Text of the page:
I seldom share the story of how I started trail running. I’m embarrassed by the clichés it embodies.
I started running to lose the baby weight.
I trained to run a half marathon with girlfriends.
I read “Born to Run.”
That was nine years ago. Then, the other day, I helped a Mom get to her car. She was juggling baby, coffees, pastries and the car key.
“Thank you… I recognize you from the newspaper,” she said, “You’re that badass Mom who runs ultramarathons.”
I blushed. I was wearing my running clothes, and with my graying but bubbly curly hair, I can be easy to spot.
“That article gave me hope that I’ll be fit again,” she went on.
Running was my route to long-term fitness, and I think it can be yours, too. So, I’m ready to share my story to give you hope.
I was 34 years old with a toddler and an infant. I was always active (mostly hiking and cross-country skiing) but struggled with my weight and diet since my teenage years. Now, six months post-baby, I was going to the gym in the evenings to burn some calories.
My husband has always travelled for work, so my gym time came in the evenings while a sitter stayed with the sleeping babies. One evening I threw a treadmill run into the cardio mix. I could only muster 15 minutes, but I recalled that I had lost weight well in the past by “jogging” a little. I had scarcely run more than 3 miles in my life.
I thought to myself that I should run more often and maybe training for an event would help. I came home that night and looked at my email. At that very moment, my girlfriend Melissa emailed a group of Moms, inviting us to train for a half marathon with her. It was in the fall and we would have all summer to train.
I signed up on the spot. That summer, I ran 5 miles for the first time. I will never forget that accomplishment. Still, 13.1 miles (the half marathon) seemed unsurmountable.
I was training mostly on roads, with some dirt roads thrown in for variety. My race, the Bizz Johnson Express Half, would be on a smooth dirt rails-to-trails path. (It didn’t occur to me that people could run on the steep and rocky single track trails that I enjoyed hiking.)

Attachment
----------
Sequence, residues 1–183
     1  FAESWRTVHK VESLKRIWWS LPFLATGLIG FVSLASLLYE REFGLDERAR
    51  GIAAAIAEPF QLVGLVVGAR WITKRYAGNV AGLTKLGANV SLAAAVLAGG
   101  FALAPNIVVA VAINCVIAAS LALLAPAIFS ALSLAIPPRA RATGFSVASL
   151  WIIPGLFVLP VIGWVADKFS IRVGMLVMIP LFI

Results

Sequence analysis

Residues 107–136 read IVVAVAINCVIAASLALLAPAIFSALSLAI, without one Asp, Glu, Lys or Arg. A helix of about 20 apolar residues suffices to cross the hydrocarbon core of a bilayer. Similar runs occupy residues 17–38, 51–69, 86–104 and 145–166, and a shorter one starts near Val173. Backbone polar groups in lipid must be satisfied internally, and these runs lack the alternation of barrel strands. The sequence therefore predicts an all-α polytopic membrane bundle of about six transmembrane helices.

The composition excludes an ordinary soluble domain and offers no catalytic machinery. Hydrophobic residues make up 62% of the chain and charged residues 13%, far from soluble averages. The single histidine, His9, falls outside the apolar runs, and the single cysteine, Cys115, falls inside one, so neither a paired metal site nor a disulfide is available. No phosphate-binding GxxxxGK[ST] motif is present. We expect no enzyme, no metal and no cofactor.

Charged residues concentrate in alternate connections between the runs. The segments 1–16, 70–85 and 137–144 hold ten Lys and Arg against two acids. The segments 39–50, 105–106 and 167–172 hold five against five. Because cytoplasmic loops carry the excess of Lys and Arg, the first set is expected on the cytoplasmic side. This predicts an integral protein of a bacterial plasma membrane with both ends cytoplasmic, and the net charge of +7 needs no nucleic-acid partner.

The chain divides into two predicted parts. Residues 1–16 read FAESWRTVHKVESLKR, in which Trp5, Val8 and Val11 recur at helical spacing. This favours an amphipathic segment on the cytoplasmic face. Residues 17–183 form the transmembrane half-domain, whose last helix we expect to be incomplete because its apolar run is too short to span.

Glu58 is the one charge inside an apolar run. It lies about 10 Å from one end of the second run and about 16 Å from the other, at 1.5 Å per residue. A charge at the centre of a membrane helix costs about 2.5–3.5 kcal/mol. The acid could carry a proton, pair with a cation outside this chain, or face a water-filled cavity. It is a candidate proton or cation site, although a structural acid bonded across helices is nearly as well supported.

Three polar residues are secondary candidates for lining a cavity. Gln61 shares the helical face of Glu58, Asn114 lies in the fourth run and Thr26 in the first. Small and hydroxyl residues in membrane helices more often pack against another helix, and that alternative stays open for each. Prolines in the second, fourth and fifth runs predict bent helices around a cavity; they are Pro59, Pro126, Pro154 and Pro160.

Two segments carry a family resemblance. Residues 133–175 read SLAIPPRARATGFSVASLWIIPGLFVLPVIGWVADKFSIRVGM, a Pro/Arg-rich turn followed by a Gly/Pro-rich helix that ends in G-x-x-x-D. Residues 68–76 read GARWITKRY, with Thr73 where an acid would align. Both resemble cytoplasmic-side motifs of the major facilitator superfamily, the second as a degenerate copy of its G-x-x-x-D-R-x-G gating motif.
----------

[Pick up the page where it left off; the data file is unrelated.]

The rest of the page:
It was mile 11 or 12 of the half marathon when the suffering set in and I said to Melissa, “Remind me that I never want to do a full marathon.” My adoring family met us at the finish.
The following year I was training to return to the Bizz Johnson Express Half when my mother’s cousin, Claire, stayed with us to run not one, but two full road marathons at Lake Tahoe. Inspired by her accomplishment at nearly 60 years of age, I decided that if there was a marathon nearby that year, then I would register.
I discovered the California International Marathon in December and I was on the road to becoming a marathoner.
The wildly popular book, “Born to Run,” by Christopher McDougall, was published in 2009. My husband, Javier, and I both read the engaging story. The book made me really want to run on trails, but I didn’t know where or how to start.
I had occasionally bumped into a Mom by the name of Betsy Nye. She worked alot and ran alot, so she was pretty busy, but super-friendly. Chatting at a soccer game, she recommended that I try an informal trail race put on by another friend, Angela.